Open sets and closures

1. Jan 27, 2014

Shaji D R

Suppose A and B are open sets in a topological Hausdorff space X.Suppose A intersection B is an empty set. Can we prove that A intersection with closure of B is also empty? Is "Hausdorff" condition necessary for that?

2. Jan 27, 2014

pasmith

Given that $A$ and $B$ are disjoint, the only way $A$ can intersect with the closure of $B$ is if there exists $a \in A$ such that $a$ is a limit point of $B$.

But that's impossible: $A$ is an open neighbourhood of $a$ which contains no points in $B$. Hence $a$ is not a limit point of $B$.

This holds whether or not $X$ is Hausdorff.

3. Jan 27, 2014

economicsnerd

Rephrasing pasmith's argument without reference to individual points...

Let $X$ be any topological space, and suppose $A,B\subseteq X$ are disjoint and $A$ is open. Then:
-$X\setminus A$ is closed because $A$ is open.
-$X\setminus A \supseteq B$ because $A,B$ are disjoint.
-As the closure of $B$, the set $\bar B$ is the smallest closed set that contains $B$.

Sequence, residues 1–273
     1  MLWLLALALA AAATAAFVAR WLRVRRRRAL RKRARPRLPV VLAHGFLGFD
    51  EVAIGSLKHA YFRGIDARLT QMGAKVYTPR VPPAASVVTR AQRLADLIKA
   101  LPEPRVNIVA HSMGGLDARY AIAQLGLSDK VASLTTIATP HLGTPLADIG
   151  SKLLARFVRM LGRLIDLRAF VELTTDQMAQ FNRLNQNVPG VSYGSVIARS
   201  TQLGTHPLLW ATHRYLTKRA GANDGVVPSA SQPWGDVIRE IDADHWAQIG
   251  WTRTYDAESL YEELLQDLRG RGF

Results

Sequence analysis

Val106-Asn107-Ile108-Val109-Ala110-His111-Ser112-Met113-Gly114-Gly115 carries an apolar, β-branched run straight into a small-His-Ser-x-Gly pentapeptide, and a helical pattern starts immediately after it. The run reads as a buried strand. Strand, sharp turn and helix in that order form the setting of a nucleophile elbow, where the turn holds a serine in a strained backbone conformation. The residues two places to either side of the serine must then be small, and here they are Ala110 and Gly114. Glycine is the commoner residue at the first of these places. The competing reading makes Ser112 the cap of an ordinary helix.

-In particular, $\bar B \subseteq X \setminus A$.
Rephrasing the last point, $A,\bar B$ are disjoint sets.

4. Jan 28, 2014

Shaji D R

Thank you very much

5. Feb 4, 2014

ibdsm

A \cap B empty

If A and B are disjoint, the B is a subset of the complement of A.

If A is open, its complement is closed.

Hence, in this case, the closure of B is contained in the complement of A.

Hence, A and the closure of B are disjoint.

There is no need for the ambient space to be Hausdorff. There is no need for B to be ooen.

6. Feb 5, 2014

JG89

The space has to be Hausdorff and B has to be open. A = (0,1) and B = [1,0] is a counter example to what you say

7. Feb 5, 2014

ibdsm

1. [1,0] is the empty set, as there are no real numbers which are both at least 1 and at most 0. Hence your "counter-example" fails.

2. By definition,
(i) a subset of a topological space is closed if and only if it is the complement of an open set
(ii) the closure of a subset, B, of a topological space is the smallest closed subset of the space which contains B.

There is no question of being a Hausdorff space or even a T1 or T0 space for this.

8. Feb 5, 2014

JG89

Wow, I can't believe I wrote that. I was dead tired and my counter-example I was trying to type out was A = (0,1), B = [1,2]. But even that fails.

My apologies, I'll try not to post when I'm half awake anymore lol.

9. Feb 5, 2014

ibdsm

I'm glad I'm not the only one to blunder at times!